Take phobias, for example. Phobias are an excessive and irrational fear reaction. They are a form of anxiety disorder and can have a crippling effect on a person. Phobias are some of the most intense types of fear that you can experience. They cause anxiety so severe that they can stop you from functioning or doing your job correctly.

Unlike a generalized anxiety disorder, phobias are focused on something specific. As with many forms of anxiety, a person can realize that their fear is irrational. They are experiencing a phobia, but they still cannot will the fear. There are an estimated 19 million Americans afflicted with some kind of debilitating phobia, causing some sort of difficulty in some aspects of their lives.

Identifying Your Phobias

There are three main groups of phobias to consider: specific (simple) phobias, social phobia, and agoraphobia. A specific phobia can produce intense fear of a particular object or situation that is relatively safe. These are phobias where people are aware of the irrationality of their concerns, but the thought of the object or situation still brings about intense feelings of panic or severe anxiety.

These can include a fear of dogs, snakes, insects, driving a car, and much more. No one is sure what causes these phobias to form, but they do know they can run in families and are also more prevalent in women. They usually begin to form in early childhood or adolescence. They can start suddenly and persist longer than most childhood fears. Sometimes, they can develop in childhood and disappear over time, but others will stick with a person into adulthood. No one is sure why some stay for some people but disappear for others.

On the other hand, social phobias produce a fear of being ridiculed or embarrassed in front of other people. It can be related to feelings of low self-esteem or inferiority. The feelings of fear and anxiety can be so strong that they drive a person to drop out of school or even leave a job. It also inhibits a person from being able to make friends.

Agoraphobia is probably a word you have heard before. It is usually used to describe a person who is afraid of leaving their home. It is also more general than that, as it can mean a person who suffers anxiety about being in places or situations where they feel trapped or exposed.

Fear of leaving their house is an extreme form of agoraphobia. This kind of phobia can often be misconstrued as shyness, but they are not the same. Shy people do not feel the severe anxiety that a person with agoraphobia experiences. Timid people do not necessarily avoid these kinds of situations like someone who has the phobia does.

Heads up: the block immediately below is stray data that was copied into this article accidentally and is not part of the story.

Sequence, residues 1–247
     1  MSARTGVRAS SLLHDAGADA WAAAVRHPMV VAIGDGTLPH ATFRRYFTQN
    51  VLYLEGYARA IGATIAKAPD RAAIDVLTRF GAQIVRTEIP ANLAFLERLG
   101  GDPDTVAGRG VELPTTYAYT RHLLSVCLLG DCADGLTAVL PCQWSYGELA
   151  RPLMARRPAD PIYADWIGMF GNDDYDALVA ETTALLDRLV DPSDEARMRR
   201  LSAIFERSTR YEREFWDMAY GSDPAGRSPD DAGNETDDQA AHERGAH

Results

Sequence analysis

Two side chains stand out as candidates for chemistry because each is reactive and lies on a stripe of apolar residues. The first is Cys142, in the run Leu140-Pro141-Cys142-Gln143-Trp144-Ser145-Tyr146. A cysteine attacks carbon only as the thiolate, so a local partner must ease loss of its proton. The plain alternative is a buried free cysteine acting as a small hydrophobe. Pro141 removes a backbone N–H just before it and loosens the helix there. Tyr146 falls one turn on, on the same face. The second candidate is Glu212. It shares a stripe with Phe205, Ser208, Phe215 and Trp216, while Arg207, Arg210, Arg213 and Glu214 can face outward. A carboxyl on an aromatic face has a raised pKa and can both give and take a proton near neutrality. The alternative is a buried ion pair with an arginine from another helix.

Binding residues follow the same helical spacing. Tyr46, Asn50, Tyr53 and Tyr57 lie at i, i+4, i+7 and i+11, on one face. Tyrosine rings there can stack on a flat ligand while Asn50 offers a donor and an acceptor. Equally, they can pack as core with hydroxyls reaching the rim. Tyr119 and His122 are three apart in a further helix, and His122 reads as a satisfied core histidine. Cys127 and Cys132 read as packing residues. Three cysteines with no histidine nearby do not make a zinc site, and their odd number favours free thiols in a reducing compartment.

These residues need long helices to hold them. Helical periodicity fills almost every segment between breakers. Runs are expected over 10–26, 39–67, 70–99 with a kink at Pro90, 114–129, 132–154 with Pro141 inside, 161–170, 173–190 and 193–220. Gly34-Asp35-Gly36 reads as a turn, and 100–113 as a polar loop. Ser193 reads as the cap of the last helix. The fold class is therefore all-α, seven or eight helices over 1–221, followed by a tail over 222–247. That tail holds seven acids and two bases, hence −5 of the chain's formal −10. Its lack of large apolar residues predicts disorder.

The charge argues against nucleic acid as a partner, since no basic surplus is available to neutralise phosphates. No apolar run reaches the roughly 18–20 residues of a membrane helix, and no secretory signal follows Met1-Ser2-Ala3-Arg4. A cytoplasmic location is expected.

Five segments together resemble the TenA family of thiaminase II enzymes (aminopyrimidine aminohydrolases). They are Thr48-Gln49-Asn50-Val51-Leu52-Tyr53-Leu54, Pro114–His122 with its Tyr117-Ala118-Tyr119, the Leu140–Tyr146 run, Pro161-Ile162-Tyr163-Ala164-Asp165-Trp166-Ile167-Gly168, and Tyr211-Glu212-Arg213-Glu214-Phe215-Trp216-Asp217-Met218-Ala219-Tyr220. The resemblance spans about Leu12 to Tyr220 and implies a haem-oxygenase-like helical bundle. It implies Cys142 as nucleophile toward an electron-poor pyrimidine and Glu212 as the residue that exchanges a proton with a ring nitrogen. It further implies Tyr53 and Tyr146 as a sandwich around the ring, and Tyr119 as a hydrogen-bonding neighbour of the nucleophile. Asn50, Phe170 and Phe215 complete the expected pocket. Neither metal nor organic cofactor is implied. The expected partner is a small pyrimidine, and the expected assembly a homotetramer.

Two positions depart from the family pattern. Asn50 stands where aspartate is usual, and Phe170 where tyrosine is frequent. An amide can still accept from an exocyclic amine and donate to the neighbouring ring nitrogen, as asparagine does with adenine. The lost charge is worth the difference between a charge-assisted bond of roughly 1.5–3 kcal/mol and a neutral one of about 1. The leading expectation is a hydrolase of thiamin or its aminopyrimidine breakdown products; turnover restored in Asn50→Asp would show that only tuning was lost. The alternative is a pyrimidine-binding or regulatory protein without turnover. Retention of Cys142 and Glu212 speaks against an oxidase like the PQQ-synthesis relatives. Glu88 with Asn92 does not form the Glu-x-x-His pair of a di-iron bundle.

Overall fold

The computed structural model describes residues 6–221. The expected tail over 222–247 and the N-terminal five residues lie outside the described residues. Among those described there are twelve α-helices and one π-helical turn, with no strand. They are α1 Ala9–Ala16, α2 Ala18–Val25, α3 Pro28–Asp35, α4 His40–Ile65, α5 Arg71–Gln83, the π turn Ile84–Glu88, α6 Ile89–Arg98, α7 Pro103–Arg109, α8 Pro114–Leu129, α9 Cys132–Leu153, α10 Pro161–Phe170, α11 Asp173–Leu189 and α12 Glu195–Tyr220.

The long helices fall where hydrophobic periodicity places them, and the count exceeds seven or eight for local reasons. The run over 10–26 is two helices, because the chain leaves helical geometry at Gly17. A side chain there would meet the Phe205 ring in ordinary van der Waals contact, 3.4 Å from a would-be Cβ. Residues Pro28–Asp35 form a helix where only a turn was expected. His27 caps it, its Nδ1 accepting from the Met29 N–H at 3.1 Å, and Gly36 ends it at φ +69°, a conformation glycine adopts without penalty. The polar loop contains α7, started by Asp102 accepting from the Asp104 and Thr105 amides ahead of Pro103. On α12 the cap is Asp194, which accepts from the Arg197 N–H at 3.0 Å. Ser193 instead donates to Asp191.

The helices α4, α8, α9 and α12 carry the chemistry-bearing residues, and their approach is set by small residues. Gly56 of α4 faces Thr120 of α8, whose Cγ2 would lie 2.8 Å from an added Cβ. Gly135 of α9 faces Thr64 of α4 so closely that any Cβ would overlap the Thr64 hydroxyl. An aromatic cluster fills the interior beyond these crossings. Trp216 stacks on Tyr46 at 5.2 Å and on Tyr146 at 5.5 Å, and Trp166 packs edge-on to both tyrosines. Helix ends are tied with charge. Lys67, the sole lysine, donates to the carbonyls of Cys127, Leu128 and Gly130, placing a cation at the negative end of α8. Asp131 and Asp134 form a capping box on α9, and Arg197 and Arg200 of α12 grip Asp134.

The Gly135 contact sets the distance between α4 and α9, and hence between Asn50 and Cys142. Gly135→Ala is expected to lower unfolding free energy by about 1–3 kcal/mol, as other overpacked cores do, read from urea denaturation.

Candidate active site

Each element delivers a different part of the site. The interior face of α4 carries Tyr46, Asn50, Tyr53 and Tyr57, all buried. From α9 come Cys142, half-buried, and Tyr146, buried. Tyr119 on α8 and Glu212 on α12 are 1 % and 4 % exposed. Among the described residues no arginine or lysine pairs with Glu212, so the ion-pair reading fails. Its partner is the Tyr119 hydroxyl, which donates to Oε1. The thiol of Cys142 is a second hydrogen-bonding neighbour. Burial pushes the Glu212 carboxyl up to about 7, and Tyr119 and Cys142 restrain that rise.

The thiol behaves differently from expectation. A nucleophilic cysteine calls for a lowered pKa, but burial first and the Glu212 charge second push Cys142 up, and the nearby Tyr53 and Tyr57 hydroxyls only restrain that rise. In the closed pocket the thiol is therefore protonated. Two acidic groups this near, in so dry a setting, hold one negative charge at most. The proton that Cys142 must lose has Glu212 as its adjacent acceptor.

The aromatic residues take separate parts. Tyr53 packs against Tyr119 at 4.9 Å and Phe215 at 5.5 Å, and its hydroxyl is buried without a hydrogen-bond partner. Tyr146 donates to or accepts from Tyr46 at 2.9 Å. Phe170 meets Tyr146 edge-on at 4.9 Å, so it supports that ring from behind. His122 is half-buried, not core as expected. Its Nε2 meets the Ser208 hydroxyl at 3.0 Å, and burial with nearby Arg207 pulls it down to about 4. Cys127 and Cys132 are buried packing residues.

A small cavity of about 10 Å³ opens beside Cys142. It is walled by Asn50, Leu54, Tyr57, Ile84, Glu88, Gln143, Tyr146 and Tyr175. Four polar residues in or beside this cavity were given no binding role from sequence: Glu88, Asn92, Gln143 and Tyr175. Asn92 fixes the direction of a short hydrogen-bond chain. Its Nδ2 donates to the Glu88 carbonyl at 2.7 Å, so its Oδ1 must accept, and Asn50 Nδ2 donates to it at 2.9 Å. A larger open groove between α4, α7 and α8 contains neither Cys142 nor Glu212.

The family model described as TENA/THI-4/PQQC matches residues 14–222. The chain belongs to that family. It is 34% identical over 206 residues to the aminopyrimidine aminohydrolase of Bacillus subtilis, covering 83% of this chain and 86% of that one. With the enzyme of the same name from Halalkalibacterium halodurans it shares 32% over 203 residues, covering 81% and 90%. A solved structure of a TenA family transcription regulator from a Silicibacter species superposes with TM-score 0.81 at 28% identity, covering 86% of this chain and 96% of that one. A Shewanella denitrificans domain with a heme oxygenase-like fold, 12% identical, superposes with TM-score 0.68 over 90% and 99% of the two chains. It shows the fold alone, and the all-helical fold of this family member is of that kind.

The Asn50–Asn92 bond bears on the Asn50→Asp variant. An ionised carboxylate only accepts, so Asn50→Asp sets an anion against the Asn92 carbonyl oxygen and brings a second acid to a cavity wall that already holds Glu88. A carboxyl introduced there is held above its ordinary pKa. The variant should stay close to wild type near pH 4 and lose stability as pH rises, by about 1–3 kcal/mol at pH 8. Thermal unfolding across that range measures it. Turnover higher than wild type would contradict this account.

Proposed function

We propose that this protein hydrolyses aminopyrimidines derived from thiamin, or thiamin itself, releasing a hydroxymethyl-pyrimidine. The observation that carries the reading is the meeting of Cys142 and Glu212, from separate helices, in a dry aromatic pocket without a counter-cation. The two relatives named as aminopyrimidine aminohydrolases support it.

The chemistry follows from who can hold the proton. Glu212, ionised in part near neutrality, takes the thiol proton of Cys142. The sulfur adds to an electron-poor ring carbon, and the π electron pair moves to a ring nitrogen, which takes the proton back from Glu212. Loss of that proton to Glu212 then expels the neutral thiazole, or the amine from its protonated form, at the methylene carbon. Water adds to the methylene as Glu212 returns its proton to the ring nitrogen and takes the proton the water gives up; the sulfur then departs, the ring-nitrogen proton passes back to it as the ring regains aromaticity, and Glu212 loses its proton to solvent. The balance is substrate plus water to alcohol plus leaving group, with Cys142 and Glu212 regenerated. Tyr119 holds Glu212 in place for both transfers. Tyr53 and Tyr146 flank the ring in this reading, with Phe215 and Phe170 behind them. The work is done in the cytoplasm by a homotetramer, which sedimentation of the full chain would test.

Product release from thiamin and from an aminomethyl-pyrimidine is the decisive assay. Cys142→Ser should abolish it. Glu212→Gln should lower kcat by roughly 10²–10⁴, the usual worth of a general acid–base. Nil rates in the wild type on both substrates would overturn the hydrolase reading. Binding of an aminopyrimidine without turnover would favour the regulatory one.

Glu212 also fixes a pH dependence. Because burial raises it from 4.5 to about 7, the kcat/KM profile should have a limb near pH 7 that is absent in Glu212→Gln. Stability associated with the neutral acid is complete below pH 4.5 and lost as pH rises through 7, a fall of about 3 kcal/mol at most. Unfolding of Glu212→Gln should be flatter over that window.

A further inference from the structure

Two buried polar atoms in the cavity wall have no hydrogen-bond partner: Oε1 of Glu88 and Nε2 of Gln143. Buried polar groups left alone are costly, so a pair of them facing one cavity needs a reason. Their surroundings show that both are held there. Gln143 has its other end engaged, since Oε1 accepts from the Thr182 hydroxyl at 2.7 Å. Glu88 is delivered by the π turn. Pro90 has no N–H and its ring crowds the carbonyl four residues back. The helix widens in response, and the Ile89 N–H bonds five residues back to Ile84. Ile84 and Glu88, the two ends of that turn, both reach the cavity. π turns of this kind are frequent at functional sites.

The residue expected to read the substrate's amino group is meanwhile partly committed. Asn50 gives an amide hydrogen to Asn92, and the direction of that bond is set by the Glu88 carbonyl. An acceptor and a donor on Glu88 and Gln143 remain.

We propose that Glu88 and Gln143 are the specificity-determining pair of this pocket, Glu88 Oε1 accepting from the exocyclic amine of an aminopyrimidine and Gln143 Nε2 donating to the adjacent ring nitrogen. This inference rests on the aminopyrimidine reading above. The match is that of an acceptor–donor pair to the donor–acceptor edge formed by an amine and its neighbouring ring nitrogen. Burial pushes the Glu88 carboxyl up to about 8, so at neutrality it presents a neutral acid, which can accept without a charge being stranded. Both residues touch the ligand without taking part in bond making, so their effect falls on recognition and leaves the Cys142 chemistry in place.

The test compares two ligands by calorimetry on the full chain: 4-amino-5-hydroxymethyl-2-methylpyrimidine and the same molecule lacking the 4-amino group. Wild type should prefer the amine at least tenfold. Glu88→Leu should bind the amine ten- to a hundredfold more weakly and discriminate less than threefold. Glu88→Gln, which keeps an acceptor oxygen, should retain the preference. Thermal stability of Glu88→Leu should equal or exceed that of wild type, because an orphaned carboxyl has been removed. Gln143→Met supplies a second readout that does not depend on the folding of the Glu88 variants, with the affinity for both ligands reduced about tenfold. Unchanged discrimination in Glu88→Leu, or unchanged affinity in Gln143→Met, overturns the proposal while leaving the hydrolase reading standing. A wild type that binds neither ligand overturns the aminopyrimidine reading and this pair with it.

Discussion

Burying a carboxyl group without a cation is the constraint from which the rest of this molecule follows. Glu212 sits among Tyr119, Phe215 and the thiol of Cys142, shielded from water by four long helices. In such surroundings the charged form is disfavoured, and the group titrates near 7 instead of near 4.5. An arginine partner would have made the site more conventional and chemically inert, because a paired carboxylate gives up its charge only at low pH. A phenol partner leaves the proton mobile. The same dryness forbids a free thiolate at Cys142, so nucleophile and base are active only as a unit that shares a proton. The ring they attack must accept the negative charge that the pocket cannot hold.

Overcoming Fear

Luckily, proper treatment is available for people who are struggling with phobias. Phobias can be diagnosed by a medical professional and are an illness that should be taken very seriously. A complete medical and psychiatric evaluation should be carried out to ensure the diagnosis is correct.

From there, behavioral therapy and cognitive behavioral therapy can be great options for anyone looking to treat their phobias. Both can help a person learn the tools to properly cope with fear. The skills a person can learn from therapy help them react to situations in different, healthier ways. No one needs to live in their fear, alone, and let themselves suffer.

Everyone has a fear of something, but when that fear gets so extreme that it paralyzes you, that is a phobia. That is when you cannot function with your fear, and it is a good idea to get help. There are many kinds of dread, and seeing a doctor about your feelings can help you identify your phobia and begin developing a treatment plan. Never feel alone in your fear, and know that you can get the help you need.

Phobias are a real thing, and they deserve to be treated the right way. More importantly, phobias can be conquered as part of the addiction process, as long as the people helping you are aware of them. Speak up and get the help you need!

No matter how tough we may present ourselves to be, we’re all afraid of something. For some of us, recovery can bring out our very worst demons, elevating common fears into full-blown phobias. Fortunately, help is available. At Camelback Recovery, you’ll find a sober living community ready to provide you with the tools you’ll need on the journey to sobriety. If you’re ready to get sober, it’s time to lean on the experience and strength of others who have come before you. People in recovery have walked through the most intense challenges, including phobias, and remained sober. Through a holistic recovery program, you can heal spiritually, mentally, and physically – you just need the time to do so. At Camelback Recovery, you’ll find the community you’re looking for and the experienced guidance you need. Give us a call at (602) 466-9880. Getting sober isn’t easy, but it can be an exciting period of your life, filled with transformational experiences and incredible growth.

When Should You Consider a Sober Living House for Yourself or a Loved One?

For those working toward a life of sobriety, having an unstable home environment that is full of alcohol, drugs, and other possible triggers can push them into a relapse quickly. Sober living homes provide a safe, clean place to transition between addiction treatment and everyday life for people in recovery.

The Purpose of a Sober Living Home

A sober living home helps provide a balance between structured and independent living for those who are just out of treatment programs for substance abuse and other addictions, mental health disorders, jail, or other circumstances.